Swinging flies for steelhead is becoming more popular with anglers using two-handed switch and spey rods. While the classic wets and “spey” style flies catch fish, patterns that are closer to streamers have proved effective. These larger patterns can bring a little more attention to themselves as they swim through an expansive run or in dirty or stained water. A rabbit strip leech or swing leech is about as basic as it gets for a pattern of this nature offering a good profile, action/moment and a proven track record.
Anglers that swing or strip streamers often complain that fish nip at the tail, missing the hook. This pattern places the hook near the end of the tail by using a loop of Berkley Fireline. This has three distinct advantages: 1. allows you to replace the hook in the event that it dulls or becomes bent further extending the life of the fly; 2. places the hook at the back of the fly where “nipping” fish will find it; and 3. eliminates the fouling of the long tail around the hook bend. This method/design works well with a number of streamers – try incorporating a loop in your fly patterns.
This pattern is only an example of one of the potential color schemes you can try. Try different color rabbit strips (browns, olive, white or black), ice dubs, collars, etc. to meet your needs and desires and fully make your fly box versatile by using various sized eyes for different conditions – from lead eyes to bead chain.
Shank: Mustad 3366 2/0
Rear Hook: Gamakatsu Octopus or Drop Shot
Thread: Fly Master Plus – Black
Tail: Black Rabbit Strip
Tube: Black Tube
Body: Black Rabbit Strip
Collar: Black Schlappen
Wing: Flashabou – Black Holographic
Dub: Ice Dub – Peacock
Step 1. Insert hook in vise jaws and add a base layer of thread from behind hook eye to above barb.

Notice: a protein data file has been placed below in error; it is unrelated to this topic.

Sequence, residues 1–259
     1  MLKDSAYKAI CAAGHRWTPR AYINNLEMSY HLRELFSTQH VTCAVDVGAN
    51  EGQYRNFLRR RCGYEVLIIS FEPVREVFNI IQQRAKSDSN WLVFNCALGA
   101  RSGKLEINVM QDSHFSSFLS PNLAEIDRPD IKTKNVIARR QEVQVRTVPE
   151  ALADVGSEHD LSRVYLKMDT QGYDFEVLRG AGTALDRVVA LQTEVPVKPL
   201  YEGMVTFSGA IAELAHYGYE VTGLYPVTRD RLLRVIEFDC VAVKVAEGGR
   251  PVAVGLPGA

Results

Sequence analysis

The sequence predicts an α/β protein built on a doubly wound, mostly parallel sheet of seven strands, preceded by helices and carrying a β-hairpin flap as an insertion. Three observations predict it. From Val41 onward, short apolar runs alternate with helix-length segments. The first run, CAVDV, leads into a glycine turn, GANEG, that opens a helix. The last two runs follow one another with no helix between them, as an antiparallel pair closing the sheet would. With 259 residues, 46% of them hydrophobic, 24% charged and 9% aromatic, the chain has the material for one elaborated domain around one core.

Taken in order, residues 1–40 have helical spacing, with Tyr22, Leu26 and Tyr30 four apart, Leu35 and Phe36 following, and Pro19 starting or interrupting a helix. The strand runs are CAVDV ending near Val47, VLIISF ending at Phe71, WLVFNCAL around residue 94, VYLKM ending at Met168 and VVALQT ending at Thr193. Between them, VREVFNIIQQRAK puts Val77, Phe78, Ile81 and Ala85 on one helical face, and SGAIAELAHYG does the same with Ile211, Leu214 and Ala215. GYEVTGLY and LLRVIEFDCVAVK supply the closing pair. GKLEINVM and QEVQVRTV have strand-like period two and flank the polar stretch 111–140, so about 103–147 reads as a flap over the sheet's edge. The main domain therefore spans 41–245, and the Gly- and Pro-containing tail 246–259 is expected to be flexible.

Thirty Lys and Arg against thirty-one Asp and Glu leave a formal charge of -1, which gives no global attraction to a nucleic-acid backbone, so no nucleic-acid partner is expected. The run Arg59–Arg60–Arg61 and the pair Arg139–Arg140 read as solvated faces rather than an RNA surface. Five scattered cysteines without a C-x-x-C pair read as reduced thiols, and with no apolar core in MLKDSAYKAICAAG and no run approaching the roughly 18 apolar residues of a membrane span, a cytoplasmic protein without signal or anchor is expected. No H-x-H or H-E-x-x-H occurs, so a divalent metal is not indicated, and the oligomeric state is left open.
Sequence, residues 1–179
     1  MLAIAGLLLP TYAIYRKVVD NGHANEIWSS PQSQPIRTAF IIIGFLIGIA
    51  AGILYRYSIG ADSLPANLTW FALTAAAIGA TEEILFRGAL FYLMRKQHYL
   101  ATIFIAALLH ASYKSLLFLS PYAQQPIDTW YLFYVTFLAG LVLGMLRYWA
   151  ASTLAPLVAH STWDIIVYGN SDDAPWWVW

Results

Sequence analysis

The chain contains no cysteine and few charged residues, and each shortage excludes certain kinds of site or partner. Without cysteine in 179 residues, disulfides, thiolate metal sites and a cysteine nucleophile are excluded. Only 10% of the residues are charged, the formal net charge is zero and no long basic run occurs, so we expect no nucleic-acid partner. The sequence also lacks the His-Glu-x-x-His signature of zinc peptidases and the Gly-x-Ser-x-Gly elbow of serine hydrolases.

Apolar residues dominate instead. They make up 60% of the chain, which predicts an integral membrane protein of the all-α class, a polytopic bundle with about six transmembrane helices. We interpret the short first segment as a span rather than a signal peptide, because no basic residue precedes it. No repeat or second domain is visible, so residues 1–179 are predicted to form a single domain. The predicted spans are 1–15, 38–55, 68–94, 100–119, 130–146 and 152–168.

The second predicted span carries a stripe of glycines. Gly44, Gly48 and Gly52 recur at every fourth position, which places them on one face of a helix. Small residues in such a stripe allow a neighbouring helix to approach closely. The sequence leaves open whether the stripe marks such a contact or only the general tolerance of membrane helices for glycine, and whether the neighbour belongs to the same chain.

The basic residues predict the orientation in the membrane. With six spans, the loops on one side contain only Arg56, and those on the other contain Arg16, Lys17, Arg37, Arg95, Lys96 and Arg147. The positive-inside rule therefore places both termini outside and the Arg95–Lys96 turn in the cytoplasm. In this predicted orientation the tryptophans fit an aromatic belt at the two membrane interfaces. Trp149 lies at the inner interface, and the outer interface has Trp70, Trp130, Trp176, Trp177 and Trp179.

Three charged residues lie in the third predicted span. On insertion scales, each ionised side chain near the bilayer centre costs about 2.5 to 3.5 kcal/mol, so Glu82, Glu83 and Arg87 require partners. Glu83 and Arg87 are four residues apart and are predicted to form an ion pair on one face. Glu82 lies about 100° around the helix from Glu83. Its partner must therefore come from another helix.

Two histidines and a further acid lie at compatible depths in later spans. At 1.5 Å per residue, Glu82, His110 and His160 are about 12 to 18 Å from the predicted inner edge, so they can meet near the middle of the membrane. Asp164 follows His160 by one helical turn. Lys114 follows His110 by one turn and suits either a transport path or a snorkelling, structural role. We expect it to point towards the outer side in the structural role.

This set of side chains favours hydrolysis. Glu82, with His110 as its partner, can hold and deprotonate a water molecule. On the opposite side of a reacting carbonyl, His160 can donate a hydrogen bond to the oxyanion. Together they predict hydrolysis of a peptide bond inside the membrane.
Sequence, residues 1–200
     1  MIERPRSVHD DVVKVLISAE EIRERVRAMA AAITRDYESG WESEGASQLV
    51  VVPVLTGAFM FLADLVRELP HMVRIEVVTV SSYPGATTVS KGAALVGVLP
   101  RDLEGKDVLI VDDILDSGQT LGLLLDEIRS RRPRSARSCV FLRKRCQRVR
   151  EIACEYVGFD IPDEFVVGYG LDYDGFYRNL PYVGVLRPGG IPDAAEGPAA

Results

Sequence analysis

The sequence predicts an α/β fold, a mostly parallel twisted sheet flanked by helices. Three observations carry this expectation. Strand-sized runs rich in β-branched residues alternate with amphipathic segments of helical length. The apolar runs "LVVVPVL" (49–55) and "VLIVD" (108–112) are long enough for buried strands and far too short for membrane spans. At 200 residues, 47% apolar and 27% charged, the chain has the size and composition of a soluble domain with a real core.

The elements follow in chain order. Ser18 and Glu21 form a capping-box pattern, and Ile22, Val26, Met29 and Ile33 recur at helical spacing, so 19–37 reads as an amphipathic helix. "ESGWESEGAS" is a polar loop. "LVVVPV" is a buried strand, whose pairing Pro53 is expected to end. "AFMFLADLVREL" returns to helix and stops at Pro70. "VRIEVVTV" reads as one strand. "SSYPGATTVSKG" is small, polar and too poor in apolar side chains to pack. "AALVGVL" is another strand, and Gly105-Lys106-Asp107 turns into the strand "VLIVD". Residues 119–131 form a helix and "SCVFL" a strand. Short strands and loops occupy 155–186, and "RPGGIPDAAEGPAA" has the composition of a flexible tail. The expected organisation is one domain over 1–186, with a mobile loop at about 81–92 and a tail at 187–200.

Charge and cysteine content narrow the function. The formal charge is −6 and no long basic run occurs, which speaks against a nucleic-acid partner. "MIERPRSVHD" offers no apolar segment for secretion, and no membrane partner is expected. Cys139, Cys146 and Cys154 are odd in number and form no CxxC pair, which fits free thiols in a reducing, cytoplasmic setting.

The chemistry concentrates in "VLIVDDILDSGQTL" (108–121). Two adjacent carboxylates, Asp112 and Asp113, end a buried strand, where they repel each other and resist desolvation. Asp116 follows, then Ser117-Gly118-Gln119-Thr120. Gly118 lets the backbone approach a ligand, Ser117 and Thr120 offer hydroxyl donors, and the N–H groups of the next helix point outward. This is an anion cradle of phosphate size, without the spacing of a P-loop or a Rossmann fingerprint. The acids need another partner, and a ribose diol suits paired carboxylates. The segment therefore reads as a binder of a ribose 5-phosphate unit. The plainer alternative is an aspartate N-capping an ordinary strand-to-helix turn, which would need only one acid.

Step 2. Cut a section of 20# Fireline – approximately 7 inches and fold in half. The loop end should extend off the back of the hook at a distance that meets your fly size needs – this example will extend two inches.
Step 3. Wrap the Fireline on top of the hook shank with tying thread. Place cut ends
of Fireline down through the hook eye and along the underside and wrap some
more. Whip finish and tie off. Apply a coat of Zap-A-Gap to secure and allow to dry.
Step 5. Start thread behind hook eye and wrap back to where previous wraps are.
Tie in Rabbit strip so the Fire Line loop goes through the tube and extends where
the pelt of the rabbit strip extends to the end of the loop. Do not trim Rabbit.
Step 6. Take remaining rabbit and wrap along hook shank towards hook eye,
sweeping rabbit hair backwards. Stop about 1/2″ behind hook eye.
Step 7. Figure-8 the eyes on the bottom of the shank so that the rabbit fur strip remains up.
Step 11. Whip finish and cut line. Using side cutters, cut the bend off the hook.
Thread the Fireline loop through the piece of tubing attached to the rabbit and attach
a hook by pushing the loop through the hook eye and over the hook then drawing tight.
Notes: Tie up a few shanks with Fireline loops during one session to speed up the process.